Two very different authors whom we assigned in our summer institute both advocate adding branches to the traditional troika (legislative, executive, and judicial).* In general, a “branch” is a part of government with distinctive guiding principles and forms and functions appropriate to those principles. It has autonomous powers, checked by other branches. These checks are not only designed to prevent tyranny but also to promote various kinds of inter-branch collaboration for the public good.
The principle of division into branches could be carried further than it was in the US in 1788. Bruce Ackerman writes, “The separation of powers is a good idea, but there is no reason to suppose that the classical writers have exhausted its goodness. To the contrary.” He favors a powerful elected legislature, “checked and balanced by a host of special-purpose branches, each motivated by one or more of the three basic concerns of separationist theory.”
Here are my own top three ideas for new branches.
1. A regulatory branch. We pretty much have one of those already. Even though the US Constitution explicitly vests “all legislative powers” in the elected Congress, everyone knows that laws are also made by regulatory and administrative agencies. Ackerman advocates thinking of these agencies as their own branch.
I have written critically about the delegation of democratic responsibilities to appointed agencies and also against over-estimating the value of expertise, which is the trump card of bureaucracy. But it seems unrealistic and unwise to imagine that we can dispense with lawmaking administrative agencies in a modern economy. So perhaps the best course is to think of administrative agencies as part of a separate branch with its own virtues and principles but also with strict limitations.
The elected branches should not be able to interfere with administrative agencies in illegitimate and corrupting ways, e.g., with rampant earmarks, miscellaneous mandates, and patronage appointments. But they should be able–or even compelled–to review important value judgments and choices that the agencies make. Agencies should embody principles of professionalism and rule-of-law. That means, for example, that they should be required to codify their own decisions in consistent, transparent, and stable law rather than miscellaneous, ad hoc decisions. Courts should be able to review their procedures for adherence to these professional principles.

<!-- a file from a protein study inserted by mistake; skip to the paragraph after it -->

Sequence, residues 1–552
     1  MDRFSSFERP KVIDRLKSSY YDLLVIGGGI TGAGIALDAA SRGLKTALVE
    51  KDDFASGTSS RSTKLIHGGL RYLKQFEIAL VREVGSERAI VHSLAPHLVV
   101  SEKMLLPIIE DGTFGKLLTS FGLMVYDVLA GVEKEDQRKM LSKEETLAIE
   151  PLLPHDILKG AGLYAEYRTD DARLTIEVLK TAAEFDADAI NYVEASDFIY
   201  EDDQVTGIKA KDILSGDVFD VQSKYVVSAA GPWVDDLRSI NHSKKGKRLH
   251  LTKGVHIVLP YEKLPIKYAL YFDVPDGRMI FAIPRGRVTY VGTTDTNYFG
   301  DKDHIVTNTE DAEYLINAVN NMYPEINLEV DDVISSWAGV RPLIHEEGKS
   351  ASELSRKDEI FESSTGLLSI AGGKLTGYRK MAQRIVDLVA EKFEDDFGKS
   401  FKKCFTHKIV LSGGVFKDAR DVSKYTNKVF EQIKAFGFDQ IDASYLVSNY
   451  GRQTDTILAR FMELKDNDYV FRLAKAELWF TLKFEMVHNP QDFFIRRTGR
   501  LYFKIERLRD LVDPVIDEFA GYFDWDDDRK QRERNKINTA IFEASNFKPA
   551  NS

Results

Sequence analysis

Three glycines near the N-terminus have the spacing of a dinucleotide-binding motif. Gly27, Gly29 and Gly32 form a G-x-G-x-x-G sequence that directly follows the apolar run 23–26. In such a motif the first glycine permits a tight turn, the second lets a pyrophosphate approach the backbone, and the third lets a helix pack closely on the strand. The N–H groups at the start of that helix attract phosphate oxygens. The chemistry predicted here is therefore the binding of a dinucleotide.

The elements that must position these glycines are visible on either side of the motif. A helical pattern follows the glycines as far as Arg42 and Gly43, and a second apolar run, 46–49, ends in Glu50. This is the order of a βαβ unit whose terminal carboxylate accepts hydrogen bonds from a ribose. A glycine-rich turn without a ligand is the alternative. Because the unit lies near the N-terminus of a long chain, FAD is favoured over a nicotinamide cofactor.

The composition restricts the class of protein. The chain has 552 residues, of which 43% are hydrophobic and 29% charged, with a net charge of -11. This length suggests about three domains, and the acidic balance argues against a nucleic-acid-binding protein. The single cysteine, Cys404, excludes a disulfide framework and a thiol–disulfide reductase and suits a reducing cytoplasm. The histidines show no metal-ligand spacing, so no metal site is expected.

Note that some of this “reform” program is already embodied in the Administrative Procedures Act and case law, so all we need is to to think of administrative agencies as a branch and to tinker with the law accordingly.
2. An integrity branch. This is another suggestion of Ackerman’s. It is scandalous that we permit incumbent politicians to draw the legislative districts in which they will run for reelection; that we hold partisan votes for the secretaries of state who administer elections and decide where to locate voting machines (etc.), and that we allow private interests with financial stakes to fund campaigns. Many other countries have rigorously independent electoral commissions or agencies. The US version could be empowered to draw electoral districts, administer the vote, and subsidize qualified candidates with public funding (guaranteed by the Constitution or by a durable statute).
3. A reconstructive branch. This idea comes from Unger. It is aimed at the problems of sclerosis, corruption, entrenchment, and inertia–in the private and public sectors, local and national. Unger’s proposal is to let this new branch seize troubled entities temporarily, reconstruct them, and then let them go back about their business. Clear candidates for such reconstruction lately would include bankrupt Wall Street banks, bankrupt auto manufacturers, the state of California, and (due mainly to events beyond its own control), the city of New Orleans.
The obvious objection to this third proposal is the lack of democracy–a bunch of “suits” from Washington would be able to seize anything they wanted and revise it according to their pet theories. But that problem could be overcome with two provisions. 1) The reconstructive branch would itself be chosen in regular, competitive, popular elections for term-limited positions. 2) When reconstructing public institutions, the branch would be required to create fully democratic processes, not impose its own ideas. So both California and New Orleans would use popular constitutional conventions (or charter reviews) to design their new systems of governance. The process would be managed by the reconstructive branch, but the outcomes would be up to citizens.
*Bruce Ackerman, “The New Separation of Powers”, Harvard Law Review, 113 (2000): 642-729 and Roberto Unger, “Democracy Realized: A Manifesto” (pp. 263-77).